Book Review: Non-fiction/ Fountainhead of Jihad: The Haqqani Nexus by Wahid Brown and Don Rassler, Hachette, 320p; Rs650 (Hardback)
The Haqqani network’s area of operation, the fountainhead of Jihad-Durand Line accidentally adjoins the international border of Afghanistan and Pakistan. This part of the world is largely unexplored for the intellectual communities, living on its periphery or located distant. So, Wahid Brown and Don Rassler open new chances to look on a terrain, known for all the bad reasons.
At the beginning, authors examine the origination of Haqqani network from Southeastern Afghanistan and the role played by the Haqqaniya seminary in northwestern Pakistan in its mushrooming. The Haqqanis are rooted in both these countries and ensured a never ending conflict between them. Pakistan has been maintaining a closer relationship with the Haqqanis, once the direct American support for the Haqqani network ended in the early 1990’s.
Though as the book confirms, Pakistan never felt shy in tying up with Haqqanis. Its military support for the Haqqanis began in the 1970’s when Pakistan looked to Afghan Islamists for countering Moscow-leaning Afghan government-this way Pakistan started the proxy war with Afghanistan, which continues to this date.
The book gives detail in great deal about the base of Haqqanis-Zhawara in the province of Khost-also establishes CIA/ISI’s direct support to this deadly terror network in their opportunistic quest. In anti-Soviet days, the nexus among them was running high-further the support from Arab for anti-Soviet Mujahidin: ‘Abdullah’ Azam and Osama bin Laden made the ‘global Jihadism’ imminent.
The Haqqanis continue to support a group of regional and transnational militants from their hub in North Waziristan. The Haqqani network has survived for more than four decades, and this through a carefully balancing act, which ensured its prominence in nexus of violence. Also, these militants have kept them away from the command of Talibanis.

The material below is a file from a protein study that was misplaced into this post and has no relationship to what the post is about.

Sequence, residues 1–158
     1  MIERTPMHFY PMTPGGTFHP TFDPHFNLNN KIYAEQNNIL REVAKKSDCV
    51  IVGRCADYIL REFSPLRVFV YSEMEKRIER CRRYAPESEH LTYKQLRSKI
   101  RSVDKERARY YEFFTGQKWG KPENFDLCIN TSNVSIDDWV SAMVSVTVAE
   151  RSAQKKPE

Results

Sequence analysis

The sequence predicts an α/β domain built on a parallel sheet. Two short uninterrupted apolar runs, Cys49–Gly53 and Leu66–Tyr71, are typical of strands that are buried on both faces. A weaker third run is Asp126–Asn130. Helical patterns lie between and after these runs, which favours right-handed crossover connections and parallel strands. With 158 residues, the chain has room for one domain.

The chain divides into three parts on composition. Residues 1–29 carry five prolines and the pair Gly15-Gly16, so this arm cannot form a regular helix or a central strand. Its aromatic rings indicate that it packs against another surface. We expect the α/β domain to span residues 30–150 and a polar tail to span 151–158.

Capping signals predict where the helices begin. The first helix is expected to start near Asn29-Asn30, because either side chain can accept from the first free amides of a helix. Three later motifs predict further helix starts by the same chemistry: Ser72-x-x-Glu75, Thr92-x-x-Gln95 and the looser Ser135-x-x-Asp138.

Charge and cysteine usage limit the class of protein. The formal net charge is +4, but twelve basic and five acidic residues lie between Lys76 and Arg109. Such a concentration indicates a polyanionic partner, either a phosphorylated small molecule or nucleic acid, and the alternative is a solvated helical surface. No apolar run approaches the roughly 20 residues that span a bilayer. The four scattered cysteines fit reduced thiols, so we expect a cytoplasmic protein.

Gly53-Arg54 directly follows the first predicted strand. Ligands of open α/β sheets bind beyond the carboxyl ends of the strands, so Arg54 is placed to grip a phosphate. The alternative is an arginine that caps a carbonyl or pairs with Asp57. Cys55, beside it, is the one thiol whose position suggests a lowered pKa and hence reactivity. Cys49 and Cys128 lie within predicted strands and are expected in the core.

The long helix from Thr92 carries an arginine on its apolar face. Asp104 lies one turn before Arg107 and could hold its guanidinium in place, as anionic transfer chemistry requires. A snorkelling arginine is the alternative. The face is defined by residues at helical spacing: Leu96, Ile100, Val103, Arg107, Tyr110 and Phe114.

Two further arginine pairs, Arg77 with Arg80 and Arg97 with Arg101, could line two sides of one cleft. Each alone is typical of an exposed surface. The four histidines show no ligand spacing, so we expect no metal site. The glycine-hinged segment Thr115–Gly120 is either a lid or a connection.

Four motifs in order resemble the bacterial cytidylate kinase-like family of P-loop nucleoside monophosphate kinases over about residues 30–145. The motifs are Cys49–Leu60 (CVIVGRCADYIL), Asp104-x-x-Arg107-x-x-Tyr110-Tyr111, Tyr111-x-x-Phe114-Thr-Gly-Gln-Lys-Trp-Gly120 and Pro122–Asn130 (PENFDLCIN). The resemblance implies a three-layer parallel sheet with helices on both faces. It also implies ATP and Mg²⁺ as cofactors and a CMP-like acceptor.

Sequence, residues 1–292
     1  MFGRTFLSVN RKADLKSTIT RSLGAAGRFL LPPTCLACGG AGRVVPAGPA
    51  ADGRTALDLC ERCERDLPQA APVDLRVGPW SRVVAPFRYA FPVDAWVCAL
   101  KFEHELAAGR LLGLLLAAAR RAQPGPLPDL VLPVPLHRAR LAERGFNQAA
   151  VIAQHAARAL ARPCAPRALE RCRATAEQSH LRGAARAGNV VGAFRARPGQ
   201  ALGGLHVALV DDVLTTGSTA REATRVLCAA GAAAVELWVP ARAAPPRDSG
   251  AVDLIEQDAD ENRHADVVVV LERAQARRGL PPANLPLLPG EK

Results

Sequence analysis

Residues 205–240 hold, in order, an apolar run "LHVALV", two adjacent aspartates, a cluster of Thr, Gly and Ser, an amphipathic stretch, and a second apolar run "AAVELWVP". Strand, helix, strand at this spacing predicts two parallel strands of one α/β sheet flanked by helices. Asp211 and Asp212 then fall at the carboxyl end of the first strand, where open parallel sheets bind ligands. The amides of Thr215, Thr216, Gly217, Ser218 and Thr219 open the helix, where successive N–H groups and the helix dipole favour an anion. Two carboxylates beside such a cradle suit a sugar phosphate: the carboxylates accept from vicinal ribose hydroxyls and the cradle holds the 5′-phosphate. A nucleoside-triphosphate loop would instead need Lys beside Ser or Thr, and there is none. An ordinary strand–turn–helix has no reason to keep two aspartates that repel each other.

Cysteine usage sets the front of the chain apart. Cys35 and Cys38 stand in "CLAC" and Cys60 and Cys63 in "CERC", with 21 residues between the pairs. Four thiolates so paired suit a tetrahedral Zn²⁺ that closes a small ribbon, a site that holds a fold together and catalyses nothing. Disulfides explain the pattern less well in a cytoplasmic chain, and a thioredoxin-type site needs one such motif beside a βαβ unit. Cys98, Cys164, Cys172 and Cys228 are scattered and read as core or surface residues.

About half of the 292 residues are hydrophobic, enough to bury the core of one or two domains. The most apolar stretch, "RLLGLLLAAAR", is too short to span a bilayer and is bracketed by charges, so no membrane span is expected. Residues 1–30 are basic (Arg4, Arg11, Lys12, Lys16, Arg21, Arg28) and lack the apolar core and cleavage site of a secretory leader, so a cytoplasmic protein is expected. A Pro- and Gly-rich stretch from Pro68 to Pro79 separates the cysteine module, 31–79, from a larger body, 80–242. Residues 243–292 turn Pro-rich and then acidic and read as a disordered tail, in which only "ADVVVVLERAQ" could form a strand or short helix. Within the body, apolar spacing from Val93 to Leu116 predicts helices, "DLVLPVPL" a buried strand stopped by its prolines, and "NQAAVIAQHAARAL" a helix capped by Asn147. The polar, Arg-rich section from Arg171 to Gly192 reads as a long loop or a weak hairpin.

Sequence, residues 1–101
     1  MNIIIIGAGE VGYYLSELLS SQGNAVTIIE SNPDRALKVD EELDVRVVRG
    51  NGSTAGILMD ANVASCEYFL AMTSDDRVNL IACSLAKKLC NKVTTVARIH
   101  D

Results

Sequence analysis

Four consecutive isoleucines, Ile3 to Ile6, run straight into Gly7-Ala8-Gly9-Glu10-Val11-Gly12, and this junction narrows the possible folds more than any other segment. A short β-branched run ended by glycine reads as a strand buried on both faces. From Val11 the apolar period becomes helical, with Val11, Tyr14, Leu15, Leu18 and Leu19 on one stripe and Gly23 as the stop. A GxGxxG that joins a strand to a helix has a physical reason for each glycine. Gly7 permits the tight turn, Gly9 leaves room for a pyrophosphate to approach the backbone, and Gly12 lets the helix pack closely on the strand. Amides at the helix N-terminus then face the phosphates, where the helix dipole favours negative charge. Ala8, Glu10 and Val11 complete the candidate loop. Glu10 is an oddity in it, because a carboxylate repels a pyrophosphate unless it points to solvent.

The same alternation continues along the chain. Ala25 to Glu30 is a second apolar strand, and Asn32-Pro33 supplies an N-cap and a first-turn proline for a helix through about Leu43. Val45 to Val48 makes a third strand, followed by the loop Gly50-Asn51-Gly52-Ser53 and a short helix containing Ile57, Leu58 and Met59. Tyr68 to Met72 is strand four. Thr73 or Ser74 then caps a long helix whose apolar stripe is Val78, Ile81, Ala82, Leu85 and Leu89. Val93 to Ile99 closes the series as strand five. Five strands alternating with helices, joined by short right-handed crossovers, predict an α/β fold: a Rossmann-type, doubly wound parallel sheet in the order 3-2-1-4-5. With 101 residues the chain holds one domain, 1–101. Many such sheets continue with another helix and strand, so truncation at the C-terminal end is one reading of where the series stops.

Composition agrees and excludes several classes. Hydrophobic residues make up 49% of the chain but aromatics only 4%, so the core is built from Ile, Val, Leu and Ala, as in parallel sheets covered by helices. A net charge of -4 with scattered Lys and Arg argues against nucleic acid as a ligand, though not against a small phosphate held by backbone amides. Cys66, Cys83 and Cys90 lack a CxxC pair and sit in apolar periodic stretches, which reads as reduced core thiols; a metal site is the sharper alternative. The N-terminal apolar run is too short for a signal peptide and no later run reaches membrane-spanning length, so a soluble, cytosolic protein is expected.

The Haqqanis have lived the tussle of contradiction with Taliban and other local/global forces playing the dirtiest game in Af-Pak regions. Since the US entered in Afghanistan to revenge 9/11, Al-Qa’ida and a segment of the Pakistani Taliban (in particular the Tehrik-a-Taliban Pakistan) are at war with the Pakistani state-still, Pakistan has to support the US in its war against Taliban and the TTP, as it’s caught in alarming spiral.
On the height of wildness, the Haqqanis appearing as a platform for the delivery of violence that serves their various interests, and also strengthen the Haqqani network’s strategic position in North Waziristan and Loya Paktia. One of the major plank of the nasty game is to limit the influence of India in India-Pakistan is quite determined for it, and so paying big price with embracing the unregulated stock of terror.
The Haqqanis are the natural ally in this covert war against India-the US is enabling a meantime engagement, but the real goal of these terror networks is much dangerous, than it appears in casual looking on their mode of action. The book provides otherwise a sensible analysis of the ground realities from world’s most difficult terrain, except missing the end results of Cold War and the stake of India in the trouble surfaced post1990.
The book could have better enquired about the impact of Afghanistan’s vandalism by British/Soviets/Americans/Pakistanis/Talibanis and Haqqanis on Kashmir-the root cause of Kashmir conflict, has bigger and diverse dimensions. Ofcourse, the role of Cold War was most atrocious among them-although, the realisation is still dim on this particular aspect and probably that prolonging the unease in valley. The book is a good read, as it opens the world of terror, with no superficial hype!
-Atul K Thakur
(Published in Rising Kashmir on April20,2013)